Via Ruff’s Stuff
San Francisco Supervisor Scott Wiener, who gained notoriety recently for his law banning nudity, is back in the spotlight after a long battle with blogger Michael Petrelis over “everything” – including decision-making around who decides what flies on the Castro’s flagpole and Wiener’s performance in his role of representing the city’s Castro District.
This past October, Petrelis snapped a photo of Wiener at City Hall in a public restroom that he subsequently published on his blog. Today, the San Francisco Sheriff’s Department responded to the District Attorney by arresting Petrelis for being a peeping tom:
Petrelis voluntarily turned himself in for booking on Thursday afternoon after posting bond, was cited and released.
“I am dealing with this legal matter head on,” said Petrelis following his ordeal. “I voluntarily surrendered to the San Francisco sheriff. I have a court date set for December 5th at 9 am, and I look forward to it.”
The incident occurred at City Hall, where Petrelis was staging a photo-op for visiting gay Honduran dignitary Erick Martinez, an activist whose life has been threatened by the rightwing junta ruling his country. Through Petrelis’ political organizing, Martinez was introduced to gay Supervisor David Campos and bisexual Supervisor Christina Olague, in front of the Harvey Milk Bust in the Grand Rotunda on the second floor.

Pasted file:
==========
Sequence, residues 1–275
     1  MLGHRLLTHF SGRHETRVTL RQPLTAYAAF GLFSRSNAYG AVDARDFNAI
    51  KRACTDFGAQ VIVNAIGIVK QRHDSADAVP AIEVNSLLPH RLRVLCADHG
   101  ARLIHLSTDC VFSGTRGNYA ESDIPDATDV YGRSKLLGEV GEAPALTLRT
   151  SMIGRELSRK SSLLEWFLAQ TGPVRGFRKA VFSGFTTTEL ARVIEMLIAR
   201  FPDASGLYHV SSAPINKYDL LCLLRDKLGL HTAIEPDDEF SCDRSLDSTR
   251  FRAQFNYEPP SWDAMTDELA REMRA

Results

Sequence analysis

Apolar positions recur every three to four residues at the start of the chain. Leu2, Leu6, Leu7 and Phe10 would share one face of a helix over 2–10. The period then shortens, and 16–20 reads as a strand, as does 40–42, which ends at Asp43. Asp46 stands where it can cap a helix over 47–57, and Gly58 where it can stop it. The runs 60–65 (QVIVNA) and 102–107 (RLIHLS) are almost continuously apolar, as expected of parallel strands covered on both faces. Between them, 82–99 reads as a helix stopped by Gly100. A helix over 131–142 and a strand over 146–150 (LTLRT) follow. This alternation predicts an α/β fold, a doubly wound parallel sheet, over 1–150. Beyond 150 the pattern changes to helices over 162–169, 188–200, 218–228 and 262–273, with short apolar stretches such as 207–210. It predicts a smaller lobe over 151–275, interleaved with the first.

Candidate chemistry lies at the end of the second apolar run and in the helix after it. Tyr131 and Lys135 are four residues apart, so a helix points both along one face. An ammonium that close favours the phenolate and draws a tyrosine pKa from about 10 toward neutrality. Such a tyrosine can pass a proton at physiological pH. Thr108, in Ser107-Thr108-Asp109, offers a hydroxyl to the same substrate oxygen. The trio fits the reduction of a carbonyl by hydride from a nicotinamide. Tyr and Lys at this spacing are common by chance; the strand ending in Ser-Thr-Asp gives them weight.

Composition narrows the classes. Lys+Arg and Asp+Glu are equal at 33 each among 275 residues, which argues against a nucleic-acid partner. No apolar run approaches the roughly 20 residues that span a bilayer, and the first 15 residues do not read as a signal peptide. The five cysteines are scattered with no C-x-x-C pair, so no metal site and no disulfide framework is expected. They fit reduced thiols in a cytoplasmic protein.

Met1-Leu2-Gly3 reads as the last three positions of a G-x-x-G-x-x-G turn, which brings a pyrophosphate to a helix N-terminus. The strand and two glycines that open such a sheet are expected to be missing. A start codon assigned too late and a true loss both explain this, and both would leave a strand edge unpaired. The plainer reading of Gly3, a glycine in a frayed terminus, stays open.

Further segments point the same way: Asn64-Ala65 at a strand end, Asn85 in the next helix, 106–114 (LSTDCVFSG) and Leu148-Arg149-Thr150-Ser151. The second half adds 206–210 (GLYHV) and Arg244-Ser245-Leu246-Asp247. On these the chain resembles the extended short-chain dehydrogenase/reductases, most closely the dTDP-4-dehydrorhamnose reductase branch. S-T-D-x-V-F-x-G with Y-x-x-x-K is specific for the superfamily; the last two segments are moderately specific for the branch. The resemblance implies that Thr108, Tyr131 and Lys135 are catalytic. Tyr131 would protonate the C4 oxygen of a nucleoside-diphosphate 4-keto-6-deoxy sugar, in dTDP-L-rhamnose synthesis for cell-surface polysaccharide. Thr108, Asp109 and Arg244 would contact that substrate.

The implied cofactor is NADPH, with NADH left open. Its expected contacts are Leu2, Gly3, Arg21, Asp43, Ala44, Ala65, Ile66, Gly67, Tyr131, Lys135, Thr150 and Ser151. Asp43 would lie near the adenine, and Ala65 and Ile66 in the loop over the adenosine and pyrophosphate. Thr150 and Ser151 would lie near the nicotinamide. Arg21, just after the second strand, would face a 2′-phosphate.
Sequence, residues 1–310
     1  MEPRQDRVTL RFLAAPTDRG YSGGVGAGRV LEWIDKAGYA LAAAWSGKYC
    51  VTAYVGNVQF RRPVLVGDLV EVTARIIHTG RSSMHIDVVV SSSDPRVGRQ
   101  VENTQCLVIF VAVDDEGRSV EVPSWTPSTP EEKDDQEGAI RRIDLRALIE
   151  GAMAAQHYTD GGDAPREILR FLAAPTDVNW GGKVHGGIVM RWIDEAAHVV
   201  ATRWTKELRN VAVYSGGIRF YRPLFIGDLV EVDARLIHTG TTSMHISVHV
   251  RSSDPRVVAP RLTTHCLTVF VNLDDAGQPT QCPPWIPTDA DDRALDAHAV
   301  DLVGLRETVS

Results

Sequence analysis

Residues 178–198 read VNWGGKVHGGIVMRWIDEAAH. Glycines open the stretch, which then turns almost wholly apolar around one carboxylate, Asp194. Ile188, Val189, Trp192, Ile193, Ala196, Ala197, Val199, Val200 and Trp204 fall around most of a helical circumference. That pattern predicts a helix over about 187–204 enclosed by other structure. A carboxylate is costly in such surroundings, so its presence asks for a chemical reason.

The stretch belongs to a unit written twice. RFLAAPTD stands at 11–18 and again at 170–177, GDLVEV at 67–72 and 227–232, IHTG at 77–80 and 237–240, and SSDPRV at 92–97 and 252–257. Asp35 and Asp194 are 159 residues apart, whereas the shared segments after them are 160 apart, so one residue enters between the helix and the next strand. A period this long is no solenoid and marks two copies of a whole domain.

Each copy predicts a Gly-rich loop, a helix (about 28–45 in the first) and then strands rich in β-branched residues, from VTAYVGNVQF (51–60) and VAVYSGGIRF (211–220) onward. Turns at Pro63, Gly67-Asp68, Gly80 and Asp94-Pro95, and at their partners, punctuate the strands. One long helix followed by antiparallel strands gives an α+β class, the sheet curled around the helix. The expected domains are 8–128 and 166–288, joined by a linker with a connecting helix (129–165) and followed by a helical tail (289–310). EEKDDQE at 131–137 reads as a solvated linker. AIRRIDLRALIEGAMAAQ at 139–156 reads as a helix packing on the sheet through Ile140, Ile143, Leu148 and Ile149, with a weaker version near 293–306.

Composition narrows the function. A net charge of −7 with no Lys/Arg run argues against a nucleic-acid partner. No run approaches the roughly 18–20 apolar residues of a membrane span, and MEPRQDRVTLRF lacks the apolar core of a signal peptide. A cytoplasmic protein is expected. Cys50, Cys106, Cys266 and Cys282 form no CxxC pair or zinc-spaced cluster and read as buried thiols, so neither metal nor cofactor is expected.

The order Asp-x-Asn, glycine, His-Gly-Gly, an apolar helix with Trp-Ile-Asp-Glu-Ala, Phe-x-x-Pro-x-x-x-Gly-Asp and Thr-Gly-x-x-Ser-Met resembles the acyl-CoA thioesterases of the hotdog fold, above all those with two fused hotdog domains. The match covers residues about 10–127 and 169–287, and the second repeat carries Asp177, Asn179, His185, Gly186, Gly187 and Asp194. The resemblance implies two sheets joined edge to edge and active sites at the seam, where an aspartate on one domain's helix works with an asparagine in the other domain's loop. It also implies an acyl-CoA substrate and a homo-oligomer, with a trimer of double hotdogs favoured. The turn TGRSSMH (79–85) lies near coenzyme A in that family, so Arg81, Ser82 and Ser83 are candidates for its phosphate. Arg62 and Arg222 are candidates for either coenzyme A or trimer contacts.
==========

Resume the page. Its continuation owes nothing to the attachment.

Petrelis had been taking photographs of the activities in the Grand Rotunda before he walked into the public men’s room noticed Wiener and proceeded to photograph him. An image of Wiener standing in front of the sink, holding a toothbrush later appeared on Petrelis’ blog.
Two weeks after the photo appeared on his blog, in what looks like an act of political retribution, Wiener appears to have abused his power as a San Francisco Supervisor by involving the sheriff’s department, who in turn assigned two senior detectives to investigate the Petrelis.
More to come…
The Supreme Court didn’t take any action on gay-marriage cases before it on Friday, despite expectations that the court might decide whether it would take up the issue.
The justices announced Friday afternoon that they would hear several other cases unrelated to gay marriage.
The high court has been asked to consider the constitutionality of the 1996 federal Defense of Marriage Act, which denies federal recognition to same-sex marriages in states that have legalized the practice. Federal appeals courts in Massachusetts and New York struck down the federal law, saying it impermissibly discriminated against gays and lesbians.
Separately, the Supreme Court has been weighing whether to review California’s Proposition 8, passed by voters in 2008, which bars gay marriage in the state. The Ninth U.S. Circuit Court of Appeals struck down Proposition 8 in February. The appeals court ruled 2-1 that California had improperly granted same-sex marriage rights and then taken them away.
The Supreme Court took no action Friday on either the Defense of Marriage Act cases or the Proposition 8 case.
Terry Richardson’s photographs of openly-gay actor Ezra Miller for Rolling Stone. More at Terry’s blog here.